Undue Influence

Undue Influence in Will Contests

To be valid, a will in Texas must express the makers intent.  Often, the makers intent is overridden by those who have influence over the maker given the makers advanced age, dependence on the person, or family or social circumstances.  This undue influence can provide grounds to contest a will in Texas.

What is Undue Influence?

Influence becomes “undue” when it causes an individual to do something that they would not have done without the influence.  When there is evidence of undue influence, interested persons can challenge the validity of the resulting will in court.

To prove undue influence, all of the following must be true:

  1. the existence and exertion of an influence,
  2. the effective operation of that influence so as to subvert or overpower the decedent’s mind at the time of the execution of the testament, and
  3. the execution of a will which the maker would not have executed but for such influence.

Proving Undue Influence in Texas

The burden to prove the existence of undue influence falls on the persons contesting the will.  It is often a difficult burden to prove.

There are a number of factors Texas courts consider when determining whether undue influence has occurred during the execution of a will, including the following:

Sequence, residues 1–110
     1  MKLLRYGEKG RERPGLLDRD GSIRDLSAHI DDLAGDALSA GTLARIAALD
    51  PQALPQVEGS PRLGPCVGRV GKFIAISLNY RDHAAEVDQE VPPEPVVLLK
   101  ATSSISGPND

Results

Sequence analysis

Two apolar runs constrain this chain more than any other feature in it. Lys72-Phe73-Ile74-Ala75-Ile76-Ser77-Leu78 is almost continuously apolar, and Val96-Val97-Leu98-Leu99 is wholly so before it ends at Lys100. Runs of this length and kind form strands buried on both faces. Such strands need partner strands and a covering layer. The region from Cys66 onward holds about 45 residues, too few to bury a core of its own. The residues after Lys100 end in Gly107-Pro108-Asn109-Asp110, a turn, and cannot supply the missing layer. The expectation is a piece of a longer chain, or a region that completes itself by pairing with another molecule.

1. the circumstances regarding the execution of the will,
  2. the relationship between the decedent and beneficiaries,
  3. the motive, character, and conduct of those who benefit under the will,
  4. participation, words, and acts of all parties attending the execution of the will,
  5. the physical and mental condition of the decedent at the time of the execution.
  6. the age, weakness, infirmity, and dependency on or subjection to the control of the beneficiary, and
  7. the improvidence of the transaction by reason of unjust, unreasonable, or unnatural disposition.

Showing only that a person had the opportunity to exercise influence over the decedent; that the decedent was susceptible to influence; or the existence of an unnatural disposition is not sufficient to prove undue influence.

The Overpower Freewill Standard

To be successful the persons bringing the will contest, the party must show that the influence overpowered the free will of the testator and, the will produced expresses the wishes of the person exerting the influence rather than the decedent’s wishes.

Similar to undue influence, another possibility is that the decedent lacked the requisite mental capacity to execute a will. Let’s consider that topic next. .  Click here to continue reading.  >>>>

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